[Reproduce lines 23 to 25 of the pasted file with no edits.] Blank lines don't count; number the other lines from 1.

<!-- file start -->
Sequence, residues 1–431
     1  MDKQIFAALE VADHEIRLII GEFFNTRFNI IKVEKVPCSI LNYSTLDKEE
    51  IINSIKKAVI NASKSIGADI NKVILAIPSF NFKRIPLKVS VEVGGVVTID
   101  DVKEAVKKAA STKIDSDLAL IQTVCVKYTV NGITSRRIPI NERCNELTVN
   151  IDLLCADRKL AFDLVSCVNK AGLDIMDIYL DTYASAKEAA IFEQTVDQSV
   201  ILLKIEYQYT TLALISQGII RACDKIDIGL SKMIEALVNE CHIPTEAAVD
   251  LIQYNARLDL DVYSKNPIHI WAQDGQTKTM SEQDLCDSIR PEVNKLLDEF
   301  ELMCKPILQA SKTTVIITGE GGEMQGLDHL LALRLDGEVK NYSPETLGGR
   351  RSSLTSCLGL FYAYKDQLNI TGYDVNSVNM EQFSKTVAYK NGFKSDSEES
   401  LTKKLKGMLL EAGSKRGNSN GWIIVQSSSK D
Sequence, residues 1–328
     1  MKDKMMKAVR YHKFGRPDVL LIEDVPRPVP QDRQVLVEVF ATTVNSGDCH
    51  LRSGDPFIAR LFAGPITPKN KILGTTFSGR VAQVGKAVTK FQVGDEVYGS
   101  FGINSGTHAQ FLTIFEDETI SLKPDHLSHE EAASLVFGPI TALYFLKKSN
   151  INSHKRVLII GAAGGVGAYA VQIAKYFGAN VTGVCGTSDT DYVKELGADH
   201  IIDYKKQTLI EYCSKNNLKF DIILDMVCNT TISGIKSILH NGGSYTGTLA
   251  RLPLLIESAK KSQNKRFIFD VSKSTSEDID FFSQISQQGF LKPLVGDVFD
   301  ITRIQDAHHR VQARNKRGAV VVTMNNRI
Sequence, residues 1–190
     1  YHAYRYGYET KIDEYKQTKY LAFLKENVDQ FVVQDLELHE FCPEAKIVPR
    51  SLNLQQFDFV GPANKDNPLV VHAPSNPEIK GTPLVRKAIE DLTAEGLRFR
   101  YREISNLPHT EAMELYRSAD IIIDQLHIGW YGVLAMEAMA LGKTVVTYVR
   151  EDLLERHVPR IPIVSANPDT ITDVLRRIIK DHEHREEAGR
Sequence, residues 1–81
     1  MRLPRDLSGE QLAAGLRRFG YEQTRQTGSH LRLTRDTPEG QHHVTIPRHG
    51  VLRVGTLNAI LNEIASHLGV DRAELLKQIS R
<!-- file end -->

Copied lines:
   151  EDLLERHVPR IPIVSANPDT ITDVLRRIIK DHEHREEAGR
Sequence, residues 1–81
     1  MRLPRDLSGE QLAAGLRRFG YEQTRQTGSH LRLTRDTPEG QHHVTIPRHG